Over the past month, Gap has inched its way back into the cultural zeitgeist. This week, it will update investors on whether its turnaround efforts are proving as successful.

In May, Gap’s new executive vice president and creative director, Zac Posen, dressed a star for the Met Gala — the actress Da’Vine Joy Randolph, who won the Oscar for best supporting actress earlier this year — in an entirely denim gown. Posen himself appeared with her wearing a white Banana Republic suit. It was the first time the brand dressed a star on its own for the Met Gala. Previously, it had teamed up with luxury labels Alexander Wang and Rodarte on looks back in 2010.

The brand made headlines again just weeks later for another red carpet moment, dressing Anne Hathaway in an off-the-shoulder, floor-length white shirtdress, paired with glittering Bulgari jewels for one of the jewellery house’s events in Rome. (That dress will be available for pre-order on Gap’s website on Tuesday.) People had been buzzing about Gap off the red carpet, too: A few days prior, it dropped a collaboration with California-based, cottagecore-esque brand Doên, the majority of which promptly sold out. The tie-up followed a very different Gap collaboration with British streetwear label Palace in March.

All these moments are a sign of the times at Gap, which appointed Richard Dickson, the former president of Mattel, as chief executive last July. Dickson is credited as the mastermind behind the strategy that ignited last year’s “Barbie” craze, revitalising the toy brand’s place in pop culture. He was brought into Gap to give it the same treatment and bring the brand, once ubiquitous in the US, back to the centre of conversation.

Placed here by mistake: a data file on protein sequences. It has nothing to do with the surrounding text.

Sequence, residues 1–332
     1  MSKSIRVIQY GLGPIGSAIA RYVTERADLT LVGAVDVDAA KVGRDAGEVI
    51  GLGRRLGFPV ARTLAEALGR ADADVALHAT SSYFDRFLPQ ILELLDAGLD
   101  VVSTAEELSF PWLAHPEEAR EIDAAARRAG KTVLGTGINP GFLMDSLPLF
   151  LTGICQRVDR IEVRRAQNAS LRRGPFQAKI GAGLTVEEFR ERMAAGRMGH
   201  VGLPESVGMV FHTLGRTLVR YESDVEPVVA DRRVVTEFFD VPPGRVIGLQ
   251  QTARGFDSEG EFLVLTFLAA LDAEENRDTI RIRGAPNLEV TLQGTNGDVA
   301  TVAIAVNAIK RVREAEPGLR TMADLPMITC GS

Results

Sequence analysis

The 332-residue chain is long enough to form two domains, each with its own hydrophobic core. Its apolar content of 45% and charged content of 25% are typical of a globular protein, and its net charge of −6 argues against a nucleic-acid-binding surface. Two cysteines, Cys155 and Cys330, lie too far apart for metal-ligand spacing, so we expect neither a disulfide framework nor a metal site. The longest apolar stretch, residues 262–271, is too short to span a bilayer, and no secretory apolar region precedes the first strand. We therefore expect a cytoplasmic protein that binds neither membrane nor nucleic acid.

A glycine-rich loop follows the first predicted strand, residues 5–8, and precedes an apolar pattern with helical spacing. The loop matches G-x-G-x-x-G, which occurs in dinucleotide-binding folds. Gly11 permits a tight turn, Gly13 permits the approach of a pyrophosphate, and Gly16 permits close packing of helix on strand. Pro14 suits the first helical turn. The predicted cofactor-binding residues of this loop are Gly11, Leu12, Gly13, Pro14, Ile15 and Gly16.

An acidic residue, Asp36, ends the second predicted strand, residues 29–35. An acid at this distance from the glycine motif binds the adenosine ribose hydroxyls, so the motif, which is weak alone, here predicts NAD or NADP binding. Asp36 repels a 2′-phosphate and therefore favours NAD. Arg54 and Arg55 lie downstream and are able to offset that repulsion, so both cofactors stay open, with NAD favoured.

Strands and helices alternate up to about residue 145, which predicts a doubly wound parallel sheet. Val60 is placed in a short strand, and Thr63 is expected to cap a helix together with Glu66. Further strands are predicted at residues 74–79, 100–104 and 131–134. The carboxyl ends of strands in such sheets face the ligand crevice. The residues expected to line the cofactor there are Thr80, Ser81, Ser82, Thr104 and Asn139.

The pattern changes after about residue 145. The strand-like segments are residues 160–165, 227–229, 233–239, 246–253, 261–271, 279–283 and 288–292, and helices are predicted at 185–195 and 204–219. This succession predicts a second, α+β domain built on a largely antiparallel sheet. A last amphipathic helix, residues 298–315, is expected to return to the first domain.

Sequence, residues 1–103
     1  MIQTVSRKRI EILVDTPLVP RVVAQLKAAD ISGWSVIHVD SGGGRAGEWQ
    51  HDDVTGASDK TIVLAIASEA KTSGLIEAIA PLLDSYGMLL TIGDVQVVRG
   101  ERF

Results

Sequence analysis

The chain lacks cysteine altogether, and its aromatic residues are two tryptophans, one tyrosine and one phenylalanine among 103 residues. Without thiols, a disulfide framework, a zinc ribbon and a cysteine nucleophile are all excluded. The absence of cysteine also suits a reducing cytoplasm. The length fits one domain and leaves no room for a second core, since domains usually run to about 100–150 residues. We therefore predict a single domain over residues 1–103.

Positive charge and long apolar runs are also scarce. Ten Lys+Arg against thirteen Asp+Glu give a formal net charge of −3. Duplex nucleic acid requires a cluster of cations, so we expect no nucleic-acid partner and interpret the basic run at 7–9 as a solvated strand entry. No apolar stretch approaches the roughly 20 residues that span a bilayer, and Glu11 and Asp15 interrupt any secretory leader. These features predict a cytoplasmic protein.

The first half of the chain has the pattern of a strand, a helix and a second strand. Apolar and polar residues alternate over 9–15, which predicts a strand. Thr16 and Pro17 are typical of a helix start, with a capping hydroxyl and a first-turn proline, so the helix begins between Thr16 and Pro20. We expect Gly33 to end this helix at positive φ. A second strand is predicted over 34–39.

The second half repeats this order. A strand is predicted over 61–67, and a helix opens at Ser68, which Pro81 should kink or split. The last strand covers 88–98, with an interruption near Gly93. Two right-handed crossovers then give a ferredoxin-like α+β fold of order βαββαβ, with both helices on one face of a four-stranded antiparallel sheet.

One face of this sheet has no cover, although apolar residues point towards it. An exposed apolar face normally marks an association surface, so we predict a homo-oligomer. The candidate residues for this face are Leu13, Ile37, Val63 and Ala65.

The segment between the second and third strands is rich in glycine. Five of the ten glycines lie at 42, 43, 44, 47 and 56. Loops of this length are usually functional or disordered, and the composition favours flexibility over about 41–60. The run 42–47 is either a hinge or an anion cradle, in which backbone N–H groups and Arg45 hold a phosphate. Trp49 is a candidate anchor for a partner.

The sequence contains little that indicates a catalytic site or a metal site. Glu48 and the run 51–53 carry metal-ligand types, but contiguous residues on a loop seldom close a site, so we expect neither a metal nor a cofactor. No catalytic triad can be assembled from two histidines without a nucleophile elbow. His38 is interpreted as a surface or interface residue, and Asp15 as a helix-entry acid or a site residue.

The effects of these efforts will start to become clearer when parent company Gap Inc. reports its first quarter earnings on May 30.

The report won’t tell the full story, particularly as the impact of the aforementioned red carpet moments won’t be reflected in the brand’s first quarter sales. Gap’s turnaround plans, too, remain in a relatively early stage. Dickson hasn’t yet been with the company a full year and is still remaking its executive suite. Earlier this month, Gap announced the appointment of PepsiCo executive Fabiola Torres as chief marketing officer. In addition to Posen, who was named to his post in February, Dickson has also hired a new chief business and strategy officer and chief people officer.

Red carpet moments alone won’t be enough to turn the company around, which makes its money from basics worn for far less glitzy occasions and has been on a steady decline for the past two decades. Profits and sales have slid, there’s been a string of failed turnaround attempts under former chief executives Sonia Syngal and Art Peck, and of course, there was that ill-fated Yeezy collaboration. But they are reminiscent of the last time Gap was at the centre of the fashion and retail conversation: Sharon Stone famously wore a Gap turtleneck to the Oscars in 1996.

Gap has already seen some moves in the right direction since Dickson’s appointment last year. Sales in the fourth quarter of 2023, which were reported in March, beat expectations, and profits in the third quarter also surpassed forecasts.

But the hard work isn’t over yet: Net sales for 2024 were expected to remain flat, and while sales were on the rise at Old Navy and Gap, at the company’s other brands, Banana Republic and Athleta, they slumped 4 percent and 10 percent, respectively. The company said it anticipates updating the product assortment at those brands to take longer than initially expected.

Certainly, Dickson’s strategy has managed to get people talking at least. This week’s update will help paint a clearer picture of whether or not the early momentum of his tenure is continuing to build.

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